by Kathy Sykes
When the days are getting shorter and the temperatures are cooling down, it is bulb-planting season! October is the time to plant bulbs that will emerge in the spring to brighten and color our neighborhood with red tulips, yellow daffodils, and purple crocuses and allium. And this month, Van Ness Main Street and I will be leading volunteers in planting bulbs and pollinator-friendly plants along Connecticut Avenue, with our Main Street purchasing the plants.
I am also teaming up with Van Ness Main Street to launch a “Say No to Pesticides” campaign. I am donating “no pesticides” signs to urge neighbors to protect the pollinators our plantings attract along the avenue.
Hopefully you have noticed more movement on Connecticut Avenue, and I don’t mean people. I mean insects, butterflies and birds. Just recently a praying mantis was visiting the new pollinator garden near Muchas Gracias. Very exciting.
This past August, we saw a few monarch caterpillars on the milkweed plants in the tree box in front of Uptown Market, and goldfinches feeding from the sunflowers by Politics and Prose. We also heard and saw crickets along the front of the UDC law school and by Acacia Food and Wine this summer. And bees were busy gathering nectar from Laliguras to the I’m Eddie Cano/Rosemary Bistro Cafe streatery – a very good sign for Mother Nature.
“Say No To Pesticides” on the corridor
Applying pesticides to lawns and gardens and any green space or tree box threatens human health and well-being and the environment. Pesticides can harm the health of children, pregnant women and older adults, as well as persons with underlying health conditions or compromised immune systems. Pesticides are also harmful to our pets and wildlife. Moreover, they threaten our pollinators – bees, butterflies and beneficial insects – which are critical to our food supply since they help pollinate one out of every three bites we take.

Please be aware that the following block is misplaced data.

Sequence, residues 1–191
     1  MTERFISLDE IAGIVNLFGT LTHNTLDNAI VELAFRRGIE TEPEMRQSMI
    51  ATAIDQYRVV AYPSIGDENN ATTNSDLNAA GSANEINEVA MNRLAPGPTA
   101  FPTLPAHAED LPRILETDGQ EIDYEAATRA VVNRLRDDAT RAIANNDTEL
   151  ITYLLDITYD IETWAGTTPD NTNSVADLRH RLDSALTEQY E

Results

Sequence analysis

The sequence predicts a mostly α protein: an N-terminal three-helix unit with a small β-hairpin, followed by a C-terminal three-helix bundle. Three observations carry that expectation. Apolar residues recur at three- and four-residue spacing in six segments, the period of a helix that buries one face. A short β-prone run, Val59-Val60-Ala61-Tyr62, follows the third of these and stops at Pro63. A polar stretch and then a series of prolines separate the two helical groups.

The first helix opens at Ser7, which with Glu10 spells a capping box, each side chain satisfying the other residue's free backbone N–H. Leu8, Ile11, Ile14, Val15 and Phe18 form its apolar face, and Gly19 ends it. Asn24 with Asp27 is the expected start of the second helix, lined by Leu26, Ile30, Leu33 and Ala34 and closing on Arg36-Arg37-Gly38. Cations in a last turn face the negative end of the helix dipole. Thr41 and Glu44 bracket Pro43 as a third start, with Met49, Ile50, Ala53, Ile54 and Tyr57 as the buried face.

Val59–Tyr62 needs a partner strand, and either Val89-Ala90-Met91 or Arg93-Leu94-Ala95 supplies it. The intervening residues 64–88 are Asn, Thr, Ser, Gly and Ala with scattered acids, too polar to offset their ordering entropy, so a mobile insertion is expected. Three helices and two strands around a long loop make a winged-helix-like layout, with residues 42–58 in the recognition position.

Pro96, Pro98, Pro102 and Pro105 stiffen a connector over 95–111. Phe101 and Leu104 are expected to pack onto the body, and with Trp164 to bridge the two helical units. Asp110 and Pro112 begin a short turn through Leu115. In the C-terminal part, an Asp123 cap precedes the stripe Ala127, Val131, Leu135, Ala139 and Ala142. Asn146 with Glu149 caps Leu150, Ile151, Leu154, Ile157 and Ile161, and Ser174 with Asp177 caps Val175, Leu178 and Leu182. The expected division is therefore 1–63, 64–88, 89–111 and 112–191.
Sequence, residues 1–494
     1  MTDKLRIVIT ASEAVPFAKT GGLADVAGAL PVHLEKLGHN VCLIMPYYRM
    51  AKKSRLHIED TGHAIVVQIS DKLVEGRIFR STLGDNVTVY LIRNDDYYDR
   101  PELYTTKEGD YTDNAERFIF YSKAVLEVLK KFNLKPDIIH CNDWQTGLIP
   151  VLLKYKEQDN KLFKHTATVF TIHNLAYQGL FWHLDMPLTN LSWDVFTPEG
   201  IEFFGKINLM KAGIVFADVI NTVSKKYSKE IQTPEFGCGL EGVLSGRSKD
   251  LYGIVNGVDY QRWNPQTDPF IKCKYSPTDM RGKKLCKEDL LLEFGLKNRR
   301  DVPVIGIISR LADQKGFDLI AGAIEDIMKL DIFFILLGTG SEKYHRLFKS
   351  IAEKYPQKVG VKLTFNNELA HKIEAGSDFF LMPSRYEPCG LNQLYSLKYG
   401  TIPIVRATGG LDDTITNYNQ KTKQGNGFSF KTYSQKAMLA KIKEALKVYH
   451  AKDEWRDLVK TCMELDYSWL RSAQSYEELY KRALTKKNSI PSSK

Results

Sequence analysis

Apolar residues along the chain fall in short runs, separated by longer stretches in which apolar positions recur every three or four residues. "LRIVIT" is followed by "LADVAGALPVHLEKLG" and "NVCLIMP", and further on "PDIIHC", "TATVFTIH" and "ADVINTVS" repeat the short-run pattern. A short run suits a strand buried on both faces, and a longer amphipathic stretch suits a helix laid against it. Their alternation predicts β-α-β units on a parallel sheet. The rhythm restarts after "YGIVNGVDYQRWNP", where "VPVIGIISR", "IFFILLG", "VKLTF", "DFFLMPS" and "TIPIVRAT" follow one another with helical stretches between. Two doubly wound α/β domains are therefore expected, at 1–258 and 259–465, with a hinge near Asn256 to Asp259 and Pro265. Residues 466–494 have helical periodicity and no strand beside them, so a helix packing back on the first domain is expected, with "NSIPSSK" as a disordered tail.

Soon you will see pesticide-free signs along the corridor. These signs were purchased from Beyond Pesticides, a national not-for-profit organization based in DC. You can take the pledge to go pesticide-free, order a sign for your home (or encourage the management of your building to buy one) and proudly display it in your yard.
This three-day weekend, from noon to 4 p.m. each day, friends and neighbors of all ages are invited to plant bulbs and plants in the tree boxes up and down Connecticut Avenue (from Van Ness to Nebraska) that will grow into beautiful flowers next spring. We’ll do it again the following Saturday and Sunday, October 16th and 17th, and then again on Saturday, October 23rd. We’ll meet each time at a different spot along the avenue.
These fall plantings will add to the growing perennial gardens and pollinator corridors that we started this past spring. This is a great way for students to fulfill their community service requirements and give back to their neighborhood.
Sign up with Kathy at [email protected] for plantings on one or more of the following dates:
Saturday, October 9 – Laliguras (4221 Connecticut Avenue)
Sunday, October 10 – UDC Law School (4340 Connecticut)
Monday, October 11 – Calvert Woodley to WAMU (4339 and 4401 Connecticut)
Saturday, October 16 – Uptown Market to Italian Pizza Kitchen (4465 and 4483 Connecticut)
Sunday, October 17 – Politics and Prose to Comet Ping Pong (5015 and 5037 Connecticut)
Saturday, October 23 – Rosemary Bistro and I’m Eddie Cano (5010 and 5014 Connecticut)
Again, all plantings take place from noon to 4 p.m. Rain dates: Sunday, October 24; Saturday, October 30; Sunday, October 31.
Forest Hills Connection is a program of Van Ness Main Street.